I truly hope this costs Harlequin millions of dollars. I'd love for it to be so costly, their financial overlords forced them to close down. They are, by far, one of the absolute worst, most predatory publishers out there.

Archangel said...

@Laura Resnick

thanks Laura. I stand corrected then and I just took down my comment, so that wont continue to be read. I do hear the distant thunder however. Perhaps some in pub are offside themselves.

:aura, is there a site or a filing that is public that shows the actual contract so we can read the entire contract authors were signing?

But/ and, I wonder if there were different contracts for different authors depending on the year, their own skills or their agents skills at cross outs, negations, changes to %s and additions... as occur with the 'big six'. How can we know all authors in this class action have exactly the same contract?

Every contract I've signed from same pub is different than the one before, some a little bit, some a lot. I'd say across the board in my experience with 32 different publishers worldwide, though boilerplates may be offered first-- even those changed from year to year, from my experience esp in the early 1990s when Alberto Vitale (before Newhouse Bros sold to Bertalsmann) suddenly decided to squat on what was then called 'electronic' everything back then. Even though he was let go by the Bertalsmann shift, I just read recently he still brags about being 'the first' to capture what about ten years later would become 'ebooks..

drcpe

Clytie said...

I filled out a Harlequin survey a while back (I like filling out surveys, for some odd reason), and was surprised to receive a box from them in the mail. Inside the box were several paperbacks...and a bill. It was a monthly bill: I was going to receive several unordered paperbacks per month and be billed for them.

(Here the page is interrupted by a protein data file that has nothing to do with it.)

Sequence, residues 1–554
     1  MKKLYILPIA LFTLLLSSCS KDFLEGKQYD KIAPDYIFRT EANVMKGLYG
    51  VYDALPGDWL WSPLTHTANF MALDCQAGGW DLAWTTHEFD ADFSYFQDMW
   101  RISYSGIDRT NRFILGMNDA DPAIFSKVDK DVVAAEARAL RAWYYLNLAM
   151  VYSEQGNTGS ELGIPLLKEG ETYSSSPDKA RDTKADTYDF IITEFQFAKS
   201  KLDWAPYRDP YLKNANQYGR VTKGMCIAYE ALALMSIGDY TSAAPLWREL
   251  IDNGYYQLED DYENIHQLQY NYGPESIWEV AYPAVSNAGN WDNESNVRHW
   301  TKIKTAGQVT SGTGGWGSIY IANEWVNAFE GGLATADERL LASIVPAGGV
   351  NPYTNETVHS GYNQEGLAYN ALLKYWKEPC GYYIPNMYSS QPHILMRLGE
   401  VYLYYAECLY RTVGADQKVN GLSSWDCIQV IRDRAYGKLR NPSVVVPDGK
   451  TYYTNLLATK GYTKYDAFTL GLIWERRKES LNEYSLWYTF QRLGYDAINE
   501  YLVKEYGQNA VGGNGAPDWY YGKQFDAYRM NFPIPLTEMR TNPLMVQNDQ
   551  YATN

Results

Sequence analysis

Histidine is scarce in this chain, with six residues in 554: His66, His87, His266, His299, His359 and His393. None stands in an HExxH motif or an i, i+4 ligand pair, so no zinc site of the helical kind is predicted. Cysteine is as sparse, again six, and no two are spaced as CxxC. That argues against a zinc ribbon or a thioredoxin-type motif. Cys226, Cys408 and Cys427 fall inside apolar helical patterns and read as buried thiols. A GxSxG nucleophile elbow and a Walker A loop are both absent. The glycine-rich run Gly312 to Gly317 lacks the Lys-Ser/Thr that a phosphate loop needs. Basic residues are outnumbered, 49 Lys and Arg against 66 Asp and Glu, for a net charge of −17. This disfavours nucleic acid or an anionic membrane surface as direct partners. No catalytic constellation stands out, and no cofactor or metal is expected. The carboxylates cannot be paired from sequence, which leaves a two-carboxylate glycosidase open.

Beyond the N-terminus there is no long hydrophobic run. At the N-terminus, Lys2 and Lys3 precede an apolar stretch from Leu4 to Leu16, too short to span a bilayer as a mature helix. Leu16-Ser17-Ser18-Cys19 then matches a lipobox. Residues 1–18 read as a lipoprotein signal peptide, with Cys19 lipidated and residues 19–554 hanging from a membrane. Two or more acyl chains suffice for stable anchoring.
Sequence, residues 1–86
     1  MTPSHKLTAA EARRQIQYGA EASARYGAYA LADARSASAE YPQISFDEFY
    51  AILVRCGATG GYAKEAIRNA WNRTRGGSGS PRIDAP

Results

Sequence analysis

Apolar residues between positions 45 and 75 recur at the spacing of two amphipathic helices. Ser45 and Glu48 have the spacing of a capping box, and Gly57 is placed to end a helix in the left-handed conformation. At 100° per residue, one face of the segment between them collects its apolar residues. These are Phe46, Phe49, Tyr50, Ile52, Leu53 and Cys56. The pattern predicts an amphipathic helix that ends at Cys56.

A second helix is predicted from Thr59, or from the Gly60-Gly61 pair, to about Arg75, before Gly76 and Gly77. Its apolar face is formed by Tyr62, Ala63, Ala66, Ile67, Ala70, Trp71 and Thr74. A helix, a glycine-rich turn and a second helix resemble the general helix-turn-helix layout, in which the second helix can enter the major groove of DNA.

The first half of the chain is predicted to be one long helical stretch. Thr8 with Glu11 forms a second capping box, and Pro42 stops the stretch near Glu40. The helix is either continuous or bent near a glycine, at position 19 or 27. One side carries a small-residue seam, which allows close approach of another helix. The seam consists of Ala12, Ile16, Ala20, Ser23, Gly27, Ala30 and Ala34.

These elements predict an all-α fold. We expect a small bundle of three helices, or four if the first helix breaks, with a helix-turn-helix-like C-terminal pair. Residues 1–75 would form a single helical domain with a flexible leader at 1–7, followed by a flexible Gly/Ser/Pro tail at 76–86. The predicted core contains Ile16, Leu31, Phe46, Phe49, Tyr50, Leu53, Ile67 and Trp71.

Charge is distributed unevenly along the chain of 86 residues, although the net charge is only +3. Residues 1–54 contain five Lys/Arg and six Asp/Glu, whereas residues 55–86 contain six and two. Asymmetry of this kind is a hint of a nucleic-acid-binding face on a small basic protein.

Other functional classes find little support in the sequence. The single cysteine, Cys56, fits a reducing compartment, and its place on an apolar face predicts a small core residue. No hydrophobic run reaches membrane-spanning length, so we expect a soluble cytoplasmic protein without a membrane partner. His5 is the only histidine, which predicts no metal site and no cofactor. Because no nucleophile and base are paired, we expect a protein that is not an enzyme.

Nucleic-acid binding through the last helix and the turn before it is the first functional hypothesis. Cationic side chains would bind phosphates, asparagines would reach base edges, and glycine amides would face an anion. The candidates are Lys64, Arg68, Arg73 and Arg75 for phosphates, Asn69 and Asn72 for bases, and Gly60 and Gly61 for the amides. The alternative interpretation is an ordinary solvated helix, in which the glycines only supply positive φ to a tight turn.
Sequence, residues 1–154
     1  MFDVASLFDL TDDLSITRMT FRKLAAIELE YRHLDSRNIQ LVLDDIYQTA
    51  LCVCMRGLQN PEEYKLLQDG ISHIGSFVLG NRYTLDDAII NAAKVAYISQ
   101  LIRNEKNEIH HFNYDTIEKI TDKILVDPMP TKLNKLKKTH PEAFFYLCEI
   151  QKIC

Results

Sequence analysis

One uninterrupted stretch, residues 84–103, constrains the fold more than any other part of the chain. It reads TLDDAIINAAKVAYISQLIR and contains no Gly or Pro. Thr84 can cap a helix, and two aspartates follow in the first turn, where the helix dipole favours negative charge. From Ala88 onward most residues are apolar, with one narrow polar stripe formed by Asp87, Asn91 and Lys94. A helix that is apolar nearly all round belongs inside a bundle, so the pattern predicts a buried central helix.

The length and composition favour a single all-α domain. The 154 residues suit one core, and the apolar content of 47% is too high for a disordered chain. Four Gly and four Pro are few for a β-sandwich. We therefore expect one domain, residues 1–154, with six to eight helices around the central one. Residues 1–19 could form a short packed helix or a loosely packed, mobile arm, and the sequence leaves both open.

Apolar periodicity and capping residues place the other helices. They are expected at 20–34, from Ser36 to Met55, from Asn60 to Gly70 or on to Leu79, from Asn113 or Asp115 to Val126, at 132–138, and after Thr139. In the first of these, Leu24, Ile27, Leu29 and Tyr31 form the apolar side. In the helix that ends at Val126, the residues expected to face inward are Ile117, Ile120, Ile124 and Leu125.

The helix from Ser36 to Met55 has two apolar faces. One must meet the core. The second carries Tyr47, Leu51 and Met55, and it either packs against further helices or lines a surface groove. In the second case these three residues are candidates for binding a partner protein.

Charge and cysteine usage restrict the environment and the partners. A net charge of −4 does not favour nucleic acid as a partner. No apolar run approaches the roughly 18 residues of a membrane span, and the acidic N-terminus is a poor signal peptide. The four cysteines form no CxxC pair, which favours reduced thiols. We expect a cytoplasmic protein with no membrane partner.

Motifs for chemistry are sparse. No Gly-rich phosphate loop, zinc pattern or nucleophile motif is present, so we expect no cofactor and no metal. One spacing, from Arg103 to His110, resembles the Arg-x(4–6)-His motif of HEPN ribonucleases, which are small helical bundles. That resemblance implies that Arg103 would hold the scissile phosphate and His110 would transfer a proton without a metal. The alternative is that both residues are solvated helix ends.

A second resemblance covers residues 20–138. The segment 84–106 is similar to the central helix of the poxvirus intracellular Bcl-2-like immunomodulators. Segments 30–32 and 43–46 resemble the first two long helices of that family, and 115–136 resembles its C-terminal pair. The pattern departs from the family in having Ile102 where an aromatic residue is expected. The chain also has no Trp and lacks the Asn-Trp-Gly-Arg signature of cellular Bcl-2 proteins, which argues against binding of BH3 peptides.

I contacted them and objected. They said signing up to their "subscription offer" was in the terms and conditions of the survey. Unfortunately for them, I read T&C. It wasn't.

Their next excuse was that this was "proactive marketing". Right, you send someone something they never asked for, and demand money. :S

Sounds like standover tactics to me.

So I'm not really surprised at Hq's dishonest behaviour with authors. If you'll screw your customers, you'll probably screw your suppliers.

Mary Stella said...

Henry,

Unless you consider Manhattan to be suburbia, you're mistaken. Harlequin has major offices in the US, Canada and England with other offices in multiple countries. They are easily one of the most major of publishers with numerous imprints and lines.

Alan Spade said...

Harlequin en mal d'amour... http://emmanuelguillot.over-blog.com/article-harlequin-attaque-en-justice-aux-etats-unis-108399318.html

Gary Dobbs/Jack Martin said...

Can't find my comments - am I being delted? Don't know why.

T Ludlow said...

Guidance on whom might be eligible to join the class action:

“If you signed a contract with Harlequin Enterprises B.V. or Harlequin Books S.A. between the years 1990-2004, you might be a member of the class. You would need to examine your contracts from that time period and determine whether the contracts mention a specific royalty for electronic or digital rights. This can be found under the “Royalty” section of the contract and will be listed as either 6% or 8% of cover price. If your contract does not contain a specific percentage for electronic or digital sales, then chances are you qualify as a member of the class.”

Jay Allan said...